No, I don't know why some teams shared the Cup back in the day. Anyone?

Secret Warriors #8 by Jonathan Hickman (writer), Alessandro Vitti (artist), Sunny Gho (colorist), and Dave Lanphear (letterer). $2.99, 22 pgs, FC, Marvel.

List of contradictanyms (words which have opposing meanings based on the context in which they are used):

You must BOLT the door ... or he will BOLT for the door.FLOG a horse ... in order to FLOG the horse-meat.GARNISH that dish ... or I will GARNISH your earnings.Secure it with a BUCKLE ... or it will BUCKLE under the weight.Please SCREEN us from ...the film they are about to SCREEN.Though CRITICAL in his comments ... he was CRITICAL to our success.You can see the stars are OUT ... once the lights are OUT.It is everyday CUSTOM ... to have suits CUSTOM-made.It was an OVERSIGHT ... to give him OVERSIGHT of the project.I will FIX the gate ... in order to FIX the race.Bind him FAST to prevent ... a FAST getaway.He was only a QUALIFIED success ... although he is fully QUALIFIED.

The Unknown: The Devil Made Flesh #1 (of 4) by Mark Waid (writer), Minck Oosterveer (artist), Andres Lozano (colorist), and Marshall Dillon (letterer). $3.99, 22 pgs, FC, Boom! Studios.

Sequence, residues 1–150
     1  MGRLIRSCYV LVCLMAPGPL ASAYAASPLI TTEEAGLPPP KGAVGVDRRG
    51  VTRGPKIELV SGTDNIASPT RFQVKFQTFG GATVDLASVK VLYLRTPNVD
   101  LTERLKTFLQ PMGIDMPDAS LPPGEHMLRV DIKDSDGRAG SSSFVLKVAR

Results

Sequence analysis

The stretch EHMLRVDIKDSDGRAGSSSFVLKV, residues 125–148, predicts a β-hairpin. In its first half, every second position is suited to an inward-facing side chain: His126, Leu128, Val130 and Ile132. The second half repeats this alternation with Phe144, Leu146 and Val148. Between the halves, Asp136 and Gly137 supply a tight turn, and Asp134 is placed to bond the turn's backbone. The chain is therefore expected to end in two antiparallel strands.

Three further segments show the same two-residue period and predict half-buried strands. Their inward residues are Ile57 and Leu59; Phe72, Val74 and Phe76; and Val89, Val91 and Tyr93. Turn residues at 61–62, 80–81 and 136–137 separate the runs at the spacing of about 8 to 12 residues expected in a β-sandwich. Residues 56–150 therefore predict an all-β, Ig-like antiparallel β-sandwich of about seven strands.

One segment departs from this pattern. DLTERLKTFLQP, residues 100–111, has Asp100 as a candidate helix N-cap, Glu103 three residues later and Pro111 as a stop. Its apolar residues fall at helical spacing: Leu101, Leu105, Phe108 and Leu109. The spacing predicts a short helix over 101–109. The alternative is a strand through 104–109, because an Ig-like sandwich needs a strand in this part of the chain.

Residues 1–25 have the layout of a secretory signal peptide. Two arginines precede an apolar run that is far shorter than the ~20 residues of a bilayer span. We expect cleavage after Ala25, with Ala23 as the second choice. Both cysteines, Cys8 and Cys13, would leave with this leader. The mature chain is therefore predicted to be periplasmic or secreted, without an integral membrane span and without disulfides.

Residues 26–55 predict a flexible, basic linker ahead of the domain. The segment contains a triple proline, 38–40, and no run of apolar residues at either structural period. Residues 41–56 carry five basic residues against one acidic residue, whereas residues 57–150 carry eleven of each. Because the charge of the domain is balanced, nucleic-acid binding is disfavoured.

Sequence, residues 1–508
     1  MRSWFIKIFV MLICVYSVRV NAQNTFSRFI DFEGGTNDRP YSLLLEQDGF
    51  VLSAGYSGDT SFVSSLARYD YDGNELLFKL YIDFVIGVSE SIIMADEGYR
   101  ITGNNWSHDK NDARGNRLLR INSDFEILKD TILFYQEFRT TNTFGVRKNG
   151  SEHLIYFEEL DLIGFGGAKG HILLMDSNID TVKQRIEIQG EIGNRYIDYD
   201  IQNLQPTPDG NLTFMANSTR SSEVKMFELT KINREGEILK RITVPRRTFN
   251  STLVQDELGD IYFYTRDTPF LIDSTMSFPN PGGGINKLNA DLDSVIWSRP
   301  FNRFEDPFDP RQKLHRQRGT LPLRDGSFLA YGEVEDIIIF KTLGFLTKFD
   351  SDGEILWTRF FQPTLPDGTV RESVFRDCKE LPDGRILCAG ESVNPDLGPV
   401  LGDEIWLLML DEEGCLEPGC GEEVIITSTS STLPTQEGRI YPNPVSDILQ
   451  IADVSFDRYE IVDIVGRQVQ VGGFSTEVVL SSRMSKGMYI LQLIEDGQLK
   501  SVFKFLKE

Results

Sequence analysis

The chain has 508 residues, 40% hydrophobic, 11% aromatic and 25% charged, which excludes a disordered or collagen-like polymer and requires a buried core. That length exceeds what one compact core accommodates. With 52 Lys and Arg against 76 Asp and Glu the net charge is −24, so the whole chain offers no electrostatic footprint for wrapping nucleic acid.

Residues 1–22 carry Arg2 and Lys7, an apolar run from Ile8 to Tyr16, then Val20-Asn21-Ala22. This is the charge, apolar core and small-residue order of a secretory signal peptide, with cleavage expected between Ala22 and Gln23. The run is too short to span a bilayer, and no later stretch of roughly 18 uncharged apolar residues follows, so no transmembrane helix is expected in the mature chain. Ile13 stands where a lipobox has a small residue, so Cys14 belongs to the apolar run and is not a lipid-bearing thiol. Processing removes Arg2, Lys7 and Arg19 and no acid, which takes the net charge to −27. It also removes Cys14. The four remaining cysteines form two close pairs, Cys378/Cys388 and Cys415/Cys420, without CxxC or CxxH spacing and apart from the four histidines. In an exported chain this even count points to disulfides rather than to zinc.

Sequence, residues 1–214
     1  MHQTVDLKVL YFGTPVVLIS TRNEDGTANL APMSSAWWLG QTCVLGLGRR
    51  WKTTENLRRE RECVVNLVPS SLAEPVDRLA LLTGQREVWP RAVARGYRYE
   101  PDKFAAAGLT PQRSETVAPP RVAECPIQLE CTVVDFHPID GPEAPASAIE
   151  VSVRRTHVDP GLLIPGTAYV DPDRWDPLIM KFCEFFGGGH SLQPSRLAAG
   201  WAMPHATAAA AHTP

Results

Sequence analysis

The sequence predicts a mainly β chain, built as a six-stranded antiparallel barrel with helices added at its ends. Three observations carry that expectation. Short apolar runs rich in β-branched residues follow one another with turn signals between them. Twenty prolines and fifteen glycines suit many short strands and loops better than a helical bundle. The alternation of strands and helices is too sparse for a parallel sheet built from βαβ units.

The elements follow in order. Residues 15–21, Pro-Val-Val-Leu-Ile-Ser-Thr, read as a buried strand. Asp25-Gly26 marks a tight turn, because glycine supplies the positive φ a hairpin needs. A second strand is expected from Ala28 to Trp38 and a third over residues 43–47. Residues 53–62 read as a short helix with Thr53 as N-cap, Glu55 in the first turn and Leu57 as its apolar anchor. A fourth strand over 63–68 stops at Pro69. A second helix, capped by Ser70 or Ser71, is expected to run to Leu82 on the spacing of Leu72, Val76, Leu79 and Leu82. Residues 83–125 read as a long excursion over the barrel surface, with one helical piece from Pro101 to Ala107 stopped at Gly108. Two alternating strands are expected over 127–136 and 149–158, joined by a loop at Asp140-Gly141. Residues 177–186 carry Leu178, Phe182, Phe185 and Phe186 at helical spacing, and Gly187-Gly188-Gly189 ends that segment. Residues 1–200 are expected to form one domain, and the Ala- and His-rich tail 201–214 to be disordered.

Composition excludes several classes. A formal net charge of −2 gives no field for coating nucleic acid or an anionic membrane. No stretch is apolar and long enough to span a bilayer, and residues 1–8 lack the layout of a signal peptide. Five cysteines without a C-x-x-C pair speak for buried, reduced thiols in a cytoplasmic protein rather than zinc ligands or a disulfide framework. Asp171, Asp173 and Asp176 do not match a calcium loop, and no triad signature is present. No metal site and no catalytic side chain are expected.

According to the latest figures [the book was published in 2005, so they may have changed] from the Organisation for Economic Co-operation and Development (OECD) [which actually exists!], Norway is the ideal country to move to if you're idle. There the "average hours worked" per-year per-person in work is 1,337 - compared to 1,792 in the United States and 2,390 in Korea:

Norway: 1,337Netherlands: 1,354France: 1,421Germany: 1,446Denmark: 1,475Italy: 1,591Ireland: 1,613United Kingdom: 1,673Canada: 1,718United States: 1,792Japan: 1,801Australia: 1,814Mexico: 1,857Greece: 1,938 Korea: 2,390

The conclusion: Europeans are lazy. I knew it! Except for the Greeks. What the hell?

Unknown Soldier #12 ("Easy Kill: Conclusion") by Joshua Dysart (writer), Alberto Ponticelli (artist), Oscar Celestini (colorist), and Clem Robins (letterer). $2.99, 23 pgs, FC, DC/Vertigo.

Some Shakespearean insults:

You are not worth another word, else I'd call you Knave.

Why art thou then exasperate, thou idle, immaterial skein of sleave-silk, thou green sarsenet flap for a sore eye, thou tassel of a prodigal's purse, thou? Ah, how the world is pestered with such waterflies, diminutives of nature.

Thou whoreson zed, thou unnecessary letter.

This woman's an easy glove, my Lord, she goes off and on at pleasure.

False of Heart, light of Ear, bloody handed, Hog in sloth, Fox in stealth, Wolf in greediness, Dog in madness, Lion in prey.

You shew'd your teethes like Apes, and fawn'd like hounds and bow'd like Bondmen.

Like the toad, ugly and venemous.

I would thou didst itch from head to foot and I had the scratching of thee; I would make the the loathsomest scab in Greece.